Wednesday, 30 November 2011

Small is not always beautiful

Very useful post here from Writer Beware about the pros and cons of being published by a small publisher.

Do read the whole post, as it contains wonderful advice, but can I draw your attention especially to these points?
  • "Reputable publishers do not advertise for authors on Craigslist or in writers’ forums, or buy ads online or in print, or mass-mail authors out of the blue with invitations to submit."
  • "...reputable publisher’s website will be book-focused - it will publicize its authors, and try to attract readers. A questionable publisher’s website will be service-focused - it will promote itself, and try to attract writers."
  • "Be wary of any small press whose website contains large amounts of verbiage about how closed-minded the traditional publishing industry is, or tells scary stories ... It may be an author mill trolling for clients, or an amateur endeavor staffed by frustrated authors."
Those points are warnings about disreputable small presses but many other small presses, as the article says, are hugely well-meaning but under-staffed or resourced - though working terrifically hard to overcome that. Be prepared to do much more publicity work yourself if you're with a small press. On the other hand, this means greater control for you. It's tiring but satisfying. And nowadays, believe me, almost all writers have to do masses of publicity anyway.

Anyway, food for thought. The article expresses it all better than I could so please read it!


Dan Holloway said...

What a thorough, balanced article that is. I think it's probably fair to say that some very good small presses *do* contact authors directly - I'm thinking of poetry presses who may contact an author after reading a piece in Magma, say, or someone contacting an author after reading a story in a well-respected online zine like 3:am. But that's very different from what I think this post is talking about. And easily remedied by the advice about using google - and Writer Beware of course!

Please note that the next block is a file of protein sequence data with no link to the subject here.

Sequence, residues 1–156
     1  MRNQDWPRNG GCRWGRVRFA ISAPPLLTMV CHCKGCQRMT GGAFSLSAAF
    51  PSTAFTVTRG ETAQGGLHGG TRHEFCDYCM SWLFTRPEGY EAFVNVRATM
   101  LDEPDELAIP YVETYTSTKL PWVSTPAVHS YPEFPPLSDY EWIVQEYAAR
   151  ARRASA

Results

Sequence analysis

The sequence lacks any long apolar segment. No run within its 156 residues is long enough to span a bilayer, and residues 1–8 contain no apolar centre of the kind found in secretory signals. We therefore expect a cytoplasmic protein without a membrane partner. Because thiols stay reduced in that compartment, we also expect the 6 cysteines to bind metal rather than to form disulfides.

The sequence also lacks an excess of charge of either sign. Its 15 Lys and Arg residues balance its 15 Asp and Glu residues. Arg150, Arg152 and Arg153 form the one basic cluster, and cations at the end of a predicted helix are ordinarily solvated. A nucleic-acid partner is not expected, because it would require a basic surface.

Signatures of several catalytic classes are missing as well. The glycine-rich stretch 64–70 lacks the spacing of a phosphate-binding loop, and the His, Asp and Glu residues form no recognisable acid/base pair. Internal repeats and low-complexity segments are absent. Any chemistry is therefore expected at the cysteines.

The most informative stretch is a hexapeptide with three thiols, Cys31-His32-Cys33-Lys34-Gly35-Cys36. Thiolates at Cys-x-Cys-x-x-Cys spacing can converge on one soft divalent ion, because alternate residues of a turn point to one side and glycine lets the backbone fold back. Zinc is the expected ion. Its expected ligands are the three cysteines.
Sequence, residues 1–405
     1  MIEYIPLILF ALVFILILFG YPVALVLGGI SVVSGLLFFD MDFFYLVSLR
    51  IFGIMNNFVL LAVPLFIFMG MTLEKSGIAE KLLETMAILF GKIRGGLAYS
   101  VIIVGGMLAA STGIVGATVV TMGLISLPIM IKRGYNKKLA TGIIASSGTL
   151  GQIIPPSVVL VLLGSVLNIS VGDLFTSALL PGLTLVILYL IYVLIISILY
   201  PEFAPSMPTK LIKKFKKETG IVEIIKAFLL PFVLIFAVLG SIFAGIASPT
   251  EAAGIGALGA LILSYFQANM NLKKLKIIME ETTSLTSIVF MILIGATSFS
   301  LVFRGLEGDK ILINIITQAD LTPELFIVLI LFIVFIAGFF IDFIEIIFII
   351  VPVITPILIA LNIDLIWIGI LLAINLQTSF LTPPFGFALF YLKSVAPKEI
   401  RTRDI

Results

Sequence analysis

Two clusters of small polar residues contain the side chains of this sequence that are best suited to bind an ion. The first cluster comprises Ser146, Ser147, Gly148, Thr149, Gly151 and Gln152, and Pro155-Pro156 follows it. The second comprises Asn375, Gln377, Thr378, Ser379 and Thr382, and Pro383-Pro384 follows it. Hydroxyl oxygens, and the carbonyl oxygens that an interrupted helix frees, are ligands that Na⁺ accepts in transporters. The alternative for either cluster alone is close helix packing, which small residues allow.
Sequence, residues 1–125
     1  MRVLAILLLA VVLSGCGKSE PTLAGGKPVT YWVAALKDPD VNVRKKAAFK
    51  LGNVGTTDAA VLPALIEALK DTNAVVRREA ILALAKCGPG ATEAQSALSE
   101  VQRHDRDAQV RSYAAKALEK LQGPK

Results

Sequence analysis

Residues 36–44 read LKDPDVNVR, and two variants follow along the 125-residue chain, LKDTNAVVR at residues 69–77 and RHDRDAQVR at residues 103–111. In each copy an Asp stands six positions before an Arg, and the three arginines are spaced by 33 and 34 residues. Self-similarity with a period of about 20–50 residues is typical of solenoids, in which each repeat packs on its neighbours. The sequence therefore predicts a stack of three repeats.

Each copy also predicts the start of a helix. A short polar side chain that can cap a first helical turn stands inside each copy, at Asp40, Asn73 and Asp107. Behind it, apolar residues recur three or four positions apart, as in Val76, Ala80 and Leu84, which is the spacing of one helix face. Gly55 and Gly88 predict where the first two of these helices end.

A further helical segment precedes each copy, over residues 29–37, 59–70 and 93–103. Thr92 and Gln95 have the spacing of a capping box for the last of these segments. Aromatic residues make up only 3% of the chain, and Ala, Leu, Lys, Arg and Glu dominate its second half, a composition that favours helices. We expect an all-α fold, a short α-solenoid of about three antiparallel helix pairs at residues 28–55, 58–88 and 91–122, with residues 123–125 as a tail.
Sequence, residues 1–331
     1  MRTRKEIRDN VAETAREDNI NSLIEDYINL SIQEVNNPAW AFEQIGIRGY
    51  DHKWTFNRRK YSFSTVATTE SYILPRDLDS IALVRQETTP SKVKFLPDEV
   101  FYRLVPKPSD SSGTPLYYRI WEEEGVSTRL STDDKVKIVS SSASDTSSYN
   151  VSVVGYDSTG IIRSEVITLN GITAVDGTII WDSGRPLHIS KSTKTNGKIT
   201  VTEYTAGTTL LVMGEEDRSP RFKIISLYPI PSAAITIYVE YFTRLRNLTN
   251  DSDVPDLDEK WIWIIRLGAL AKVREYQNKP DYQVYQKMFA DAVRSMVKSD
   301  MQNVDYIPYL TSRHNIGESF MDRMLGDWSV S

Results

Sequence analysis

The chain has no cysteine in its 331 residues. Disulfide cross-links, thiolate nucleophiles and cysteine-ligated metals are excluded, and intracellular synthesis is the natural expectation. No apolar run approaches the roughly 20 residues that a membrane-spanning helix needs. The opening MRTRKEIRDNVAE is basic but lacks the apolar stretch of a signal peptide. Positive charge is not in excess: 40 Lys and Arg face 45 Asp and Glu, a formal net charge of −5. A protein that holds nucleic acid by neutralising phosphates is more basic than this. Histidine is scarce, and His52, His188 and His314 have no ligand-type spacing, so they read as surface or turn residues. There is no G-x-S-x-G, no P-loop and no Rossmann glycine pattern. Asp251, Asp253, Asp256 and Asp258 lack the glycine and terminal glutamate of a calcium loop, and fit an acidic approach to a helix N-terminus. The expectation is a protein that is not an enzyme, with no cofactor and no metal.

Derek said...

I think it all comes down to asking the right questions at the outset. I approached Musa Publishing with an ebook proposal (The Silent Hills) earlier this year and they requested the MS, critted it, held a call, agreed a contract, assigned a cover artist and requested many edits before publication. The only money that's changed hands is from them to me, which is as it should be.

The bottom line is that writers have to think and act professionally and not get swayed by praise or attention.

Katalin Havasi said...

What an eye-opener! Thanks for leading us to this excellent in-depth article on the mushrooming publishing ventures which are not at all easy to navigate (Writer Beware blog).

Sometimes I encounter the term 'author solutions services.' What does that mean, I wonder. A self-publishing company? A vanity press? Or something else?

Sally Zigmond said...

Katalin: It can often indeed mean a vanity publisher. That's why it's advisable to do all the checks the Writers Beware post suggests.

As Derek said, money should flow to the writer, not the other way round.

Elaine AM Smith said...

Hi Nicola

I'm bad, I'll get that out of the way, and up-front, right now.


I was just doing a little historical trip down through your blog (How To Write A Query: it's nearly that time) and found the part where you asked me to send you my e-mail address.

*oops* (That's such a red word, it needs to be used on Mondays.)

I'm feeling slightly smaller than these letters here, if you want me to consign my email to subscript to the power of "stop-babbling" I'll happily do that too.

Hey, I won a prize in October! Go me!

Me: "Wordsmithing"

Thanks ;)

Scooter Carlyle said...

Just after reading the article, I had a nightmare in which I had signed my rights to my novel over to a small press that soon went under. It was so realistic that I was upset all morning, thinking I had done something truly stupid. Then I realized it was just a dream. Thank God!